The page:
Finally: I do actually know of – and have even personally visited – one entirely genuine example of a giant pitcher plant, albeit not of the living variety, sadly. You will no doubt have noted that I made no mention in its caption or anywhere else in the present ShukerNature article so far regarding the nature of the absolutely gargantuan pitcher plant depicted in the very spectacular photograph opening this article, but now, having inflamed your curiosity for long enough, all is finally revealed.

It is in fact a magnificent sculpture, an exceedingly ornate water fountain, to be exact, standing more than 25 ft tall, which is situated right in the centre of Malaysia's capital city, Kuala Lumpur. Erected on Jalan Parlimen at the edge of Merdeka Square by Kuala Lumpur City Hall and known officially as the Periuk Kera Fountain ('periuk kera' being the local name for pitcher plants), it is made of fibre-glass and takes the form of a gigantic tree stump around which the tendrils of no fewer than eight colossal Nepenthes pitchers are entwined, with a torrent of water cascading out of each pitcher. A beautiful pavilion has been constructed around it, containing benches and with shade provided by lush bougainvillea. I was fortunate enough to visit and photograph this fantastic creation when Mom and I visited Kuala Lumpur in 2005, and it was a truly breathtaking sight, entirely dwarfing my 5'10" stature when I stood in front of its surreal and even very slightly sinister enormity for Mom to snap the photo below. If ever there was an appropriate time for that famous pantomime cry "It's behind you!" to echo forth, that was definitely the time! Incidentally, if anyone knows who sculpted this superb fountain and when it was officially unveiled to the public, I'd greatly appreciate details.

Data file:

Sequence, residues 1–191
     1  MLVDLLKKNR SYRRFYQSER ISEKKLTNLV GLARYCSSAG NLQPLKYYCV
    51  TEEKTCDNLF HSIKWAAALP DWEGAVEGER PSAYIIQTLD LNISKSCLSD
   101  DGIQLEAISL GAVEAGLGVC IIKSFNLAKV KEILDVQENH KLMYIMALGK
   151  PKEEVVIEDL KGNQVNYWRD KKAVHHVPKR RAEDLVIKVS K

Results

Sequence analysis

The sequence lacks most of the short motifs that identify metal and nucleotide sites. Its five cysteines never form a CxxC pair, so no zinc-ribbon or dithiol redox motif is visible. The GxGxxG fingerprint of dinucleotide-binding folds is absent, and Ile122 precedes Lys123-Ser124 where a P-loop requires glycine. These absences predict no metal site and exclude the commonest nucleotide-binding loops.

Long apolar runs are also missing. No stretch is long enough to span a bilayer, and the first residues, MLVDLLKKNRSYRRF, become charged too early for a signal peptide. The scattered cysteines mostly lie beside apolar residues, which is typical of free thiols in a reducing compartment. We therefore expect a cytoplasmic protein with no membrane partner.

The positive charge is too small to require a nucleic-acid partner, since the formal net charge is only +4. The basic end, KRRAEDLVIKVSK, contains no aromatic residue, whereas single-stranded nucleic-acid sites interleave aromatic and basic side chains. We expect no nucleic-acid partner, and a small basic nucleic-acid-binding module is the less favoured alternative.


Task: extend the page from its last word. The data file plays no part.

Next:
Standing in front of the wonderful pitcher plant-themed Periuk Kera Fountain in Kuala Lumpur, Malaysia, during 2005 (© Dr Karl Shuker)

Thursday 8 March 2018


Exquisite engraving from 1898 of Phrynus tessellatus, a Caribbean species of amblypygid or tailless whip scorpion (public domain)

Readers of a certain age (i.e. my own or older) will probably recognise that the main title of this ShukerNature article of mine is a totally shameless parody of the title from a famous comedy song released in 1938 by the much-loved British war-time singer Gracie Fields, the song in question being 'It's the Biggest Aspidastra in the World!' (I know, I know, but it was just too fantastic a pun to let pass!).

And here, just in case you were wondering what one looked like, is an aspidistra (note correct spelling of name) – although, sadly, it's not the biggest in the world! (© Frank C. Müller/Wikipedia – CC BY-SA 4.0 licence)

Anyway, aspidistras aside (but see this blog article's epilogue for a short note regarding the odd spelling and pronunciation of their name as featured in Gracie's song but nowhere else), just what are amblypygids?

Illustration of an amblypygid from C.L. Koch's Die Arachniden (1841) (public domain)

I first learned about them as a child when reading the August 1966 issue of the then-monthly (previously-weekly) British magazine Animals, which contained an article by naturalist R.C.H. Sweeney memorably entitled ''Monsters' of the Caves'. This proved to be an excerpt from his forthcoming book The Scurrying Bush, and told of his encountering these ostensibly unearthly creatures while exploring various large, many-tunnelled caves in Tanzania's Mkulumuzi Gorge. Also known as tailless whip scorpions, amblypygids are arachnids related to the vinegaroons or tailed whip scorpions, but they look more like exceedingly long-limbed spiders, albeit of the kind from which nightmares are spawned. In reality, however, they are basically harmless, lacking both a sting and venom fangs, though they can give quite a nasty bite with their chelicerae (the principal, inner jaws of arachnids) or nip with their pincer-bearing pedipalps (the outer jaws of arachnids).